In Part 2 we saw that for an odd prime $p$ and an integer $a$ that is relatively prime to $p$, the Jacobi symbol $(a/p) = 1$ if and only if $a$ is a square modulo $p$ (a "quadratic residue"). The basic properties of the Jacobi symbol then give the classic law of quadratic reciprocity.

Now, we're going to see one last application of the Jacobi symbol: primality testing in what's called the Solovay-Strassen primality test. How does it work? It starts with an observation we saw before: in the ring $\Z/p$, there exists a primitive element $g\in \Z/p$. It is an element that generates the multiplicative cyclic group $\Z/p^\times\cong \Z/(p-1)$.
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## A little intro to the Jacobi symbol: Part 2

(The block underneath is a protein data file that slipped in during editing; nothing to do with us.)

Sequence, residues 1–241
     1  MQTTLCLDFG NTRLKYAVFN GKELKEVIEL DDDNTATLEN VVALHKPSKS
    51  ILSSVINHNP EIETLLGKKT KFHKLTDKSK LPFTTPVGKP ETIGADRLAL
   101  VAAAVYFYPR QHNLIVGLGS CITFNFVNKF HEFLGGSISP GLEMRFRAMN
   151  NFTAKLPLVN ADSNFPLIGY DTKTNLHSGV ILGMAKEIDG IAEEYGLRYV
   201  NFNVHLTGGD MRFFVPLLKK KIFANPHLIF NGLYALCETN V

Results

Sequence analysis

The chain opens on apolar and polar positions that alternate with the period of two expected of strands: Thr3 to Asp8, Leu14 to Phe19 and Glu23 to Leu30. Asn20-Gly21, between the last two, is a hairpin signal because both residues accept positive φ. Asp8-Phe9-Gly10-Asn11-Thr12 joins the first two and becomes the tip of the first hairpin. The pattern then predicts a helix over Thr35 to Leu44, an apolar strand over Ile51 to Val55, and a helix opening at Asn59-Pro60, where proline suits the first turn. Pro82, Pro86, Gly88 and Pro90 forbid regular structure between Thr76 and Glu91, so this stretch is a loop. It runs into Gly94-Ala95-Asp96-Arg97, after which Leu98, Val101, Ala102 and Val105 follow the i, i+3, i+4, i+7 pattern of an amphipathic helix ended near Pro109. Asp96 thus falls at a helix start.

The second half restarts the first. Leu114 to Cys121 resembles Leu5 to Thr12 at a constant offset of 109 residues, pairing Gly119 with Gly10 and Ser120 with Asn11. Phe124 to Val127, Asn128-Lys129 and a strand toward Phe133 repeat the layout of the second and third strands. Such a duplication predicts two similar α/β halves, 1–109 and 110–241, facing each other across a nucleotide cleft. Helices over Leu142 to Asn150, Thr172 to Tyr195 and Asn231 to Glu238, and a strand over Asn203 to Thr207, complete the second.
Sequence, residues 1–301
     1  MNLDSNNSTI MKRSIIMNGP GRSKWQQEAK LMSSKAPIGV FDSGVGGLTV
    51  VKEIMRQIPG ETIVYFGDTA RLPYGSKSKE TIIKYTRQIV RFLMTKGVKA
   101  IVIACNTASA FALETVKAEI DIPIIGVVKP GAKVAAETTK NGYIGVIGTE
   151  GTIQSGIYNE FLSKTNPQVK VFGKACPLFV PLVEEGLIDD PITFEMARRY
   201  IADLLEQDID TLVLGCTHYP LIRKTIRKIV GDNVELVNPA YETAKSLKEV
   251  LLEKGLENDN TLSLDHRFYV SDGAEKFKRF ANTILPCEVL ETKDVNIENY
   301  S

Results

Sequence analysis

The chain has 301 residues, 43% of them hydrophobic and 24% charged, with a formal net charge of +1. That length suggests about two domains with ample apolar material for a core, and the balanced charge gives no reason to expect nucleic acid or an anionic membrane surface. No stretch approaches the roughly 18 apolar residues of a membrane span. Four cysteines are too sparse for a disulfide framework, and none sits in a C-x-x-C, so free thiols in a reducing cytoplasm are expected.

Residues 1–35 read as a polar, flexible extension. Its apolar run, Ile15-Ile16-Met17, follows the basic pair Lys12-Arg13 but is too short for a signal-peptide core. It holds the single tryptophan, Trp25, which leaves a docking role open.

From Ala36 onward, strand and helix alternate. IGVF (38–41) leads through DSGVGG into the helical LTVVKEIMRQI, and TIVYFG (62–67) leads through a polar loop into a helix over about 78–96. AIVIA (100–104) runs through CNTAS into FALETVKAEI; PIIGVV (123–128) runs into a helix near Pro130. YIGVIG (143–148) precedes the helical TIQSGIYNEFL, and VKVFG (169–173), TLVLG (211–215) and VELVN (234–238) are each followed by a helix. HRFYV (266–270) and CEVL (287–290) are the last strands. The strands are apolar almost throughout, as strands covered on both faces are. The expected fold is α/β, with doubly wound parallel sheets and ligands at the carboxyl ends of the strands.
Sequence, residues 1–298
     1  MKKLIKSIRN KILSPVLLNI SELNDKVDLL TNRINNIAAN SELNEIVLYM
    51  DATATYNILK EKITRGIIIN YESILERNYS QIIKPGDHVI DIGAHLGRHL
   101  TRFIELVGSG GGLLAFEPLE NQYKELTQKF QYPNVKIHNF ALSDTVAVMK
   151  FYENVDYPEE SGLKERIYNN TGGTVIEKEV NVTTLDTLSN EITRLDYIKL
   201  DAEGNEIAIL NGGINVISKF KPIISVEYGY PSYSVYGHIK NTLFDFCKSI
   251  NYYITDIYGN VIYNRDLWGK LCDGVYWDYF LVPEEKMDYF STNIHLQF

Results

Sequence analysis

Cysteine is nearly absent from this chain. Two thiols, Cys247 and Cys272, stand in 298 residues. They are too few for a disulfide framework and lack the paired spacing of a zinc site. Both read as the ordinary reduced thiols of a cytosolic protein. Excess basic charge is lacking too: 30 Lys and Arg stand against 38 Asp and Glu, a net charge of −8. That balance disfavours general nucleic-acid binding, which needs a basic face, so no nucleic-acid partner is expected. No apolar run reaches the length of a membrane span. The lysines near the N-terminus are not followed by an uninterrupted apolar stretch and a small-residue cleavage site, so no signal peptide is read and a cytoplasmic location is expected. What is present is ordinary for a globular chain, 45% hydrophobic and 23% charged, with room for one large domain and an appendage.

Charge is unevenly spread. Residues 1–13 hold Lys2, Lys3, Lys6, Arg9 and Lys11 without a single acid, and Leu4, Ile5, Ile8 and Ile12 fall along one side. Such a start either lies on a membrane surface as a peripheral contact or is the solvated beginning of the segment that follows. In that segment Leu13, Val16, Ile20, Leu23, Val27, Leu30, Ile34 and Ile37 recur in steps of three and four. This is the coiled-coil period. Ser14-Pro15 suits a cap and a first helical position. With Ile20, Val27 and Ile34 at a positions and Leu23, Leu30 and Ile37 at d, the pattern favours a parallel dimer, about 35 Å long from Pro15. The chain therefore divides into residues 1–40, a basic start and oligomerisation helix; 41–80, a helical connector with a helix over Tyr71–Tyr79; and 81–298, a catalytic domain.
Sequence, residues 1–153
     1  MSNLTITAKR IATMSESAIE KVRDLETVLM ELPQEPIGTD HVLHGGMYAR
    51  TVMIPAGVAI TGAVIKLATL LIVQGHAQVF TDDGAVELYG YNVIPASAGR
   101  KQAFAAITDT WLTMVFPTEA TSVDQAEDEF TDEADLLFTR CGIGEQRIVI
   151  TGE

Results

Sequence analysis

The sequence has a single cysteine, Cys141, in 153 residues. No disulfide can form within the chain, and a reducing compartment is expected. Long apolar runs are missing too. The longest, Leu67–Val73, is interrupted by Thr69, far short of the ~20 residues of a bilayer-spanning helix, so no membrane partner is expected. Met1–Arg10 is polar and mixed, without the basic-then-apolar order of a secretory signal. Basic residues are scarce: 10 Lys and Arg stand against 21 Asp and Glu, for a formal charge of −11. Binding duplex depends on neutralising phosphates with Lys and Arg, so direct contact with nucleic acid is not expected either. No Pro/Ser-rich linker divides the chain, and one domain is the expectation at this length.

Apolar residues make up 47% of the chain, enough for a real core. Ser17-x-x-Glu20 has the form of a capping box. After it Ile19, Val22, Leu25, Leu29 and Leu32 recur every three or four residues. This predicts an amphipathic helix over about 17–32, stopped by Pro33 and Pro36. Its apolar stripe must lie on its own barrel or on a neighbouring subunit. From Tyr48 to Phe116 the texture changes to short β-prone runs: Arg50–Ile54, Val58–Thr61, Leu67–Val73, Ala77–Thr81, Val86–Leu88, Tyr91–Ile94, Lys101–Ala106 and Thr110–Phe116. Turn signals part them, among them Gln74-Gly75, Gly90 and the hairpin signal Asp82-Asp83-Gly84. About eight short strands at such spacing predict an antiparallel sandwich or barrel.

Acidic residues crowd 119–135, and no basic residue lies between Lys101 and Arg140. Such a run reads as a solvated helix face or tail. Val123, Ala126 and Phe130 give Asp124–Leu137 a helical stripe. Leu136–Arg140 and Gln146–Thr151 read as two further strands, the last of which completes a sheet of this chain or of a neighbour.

In the last post, we examined the Jacobi symbol: for two relatively prime integers $m$ and $n$, we defined the Jacobi symbol $(m/n)$ to be the sign of the permutation $x\mapsto mx$ on the ring $\Z/n$.

It turns out that the Jacobi symbol plays a part in the theory of quadratic residues. For a number $n$, we say that an element $a\in \Z/n$ is a quadratic residue if it's a square in $\Z/n$.

When $n = p$ is a prime number, the question of which integers are quadratic residues goes back to the ancient days of Gauss. He realized that for an odd prime $p$, half the numbers in the list $1,2,\dots, p-1$ are quadratic residues, and the other half are not quadratic residues (a.k.a. quadratic nonresidues). Indeed, if $x^2 = y^2$ in the field $\Z/p$, then $(x+y)(x-y) = 0$. Therefore, if $x\not= y$, we must have $x=-y$. So it is clear that amongst the numbers $1^2,2^2,\dots,(p-1)^2$, there are exactly $(p-1)/2$ distinct numbers. This guy means business!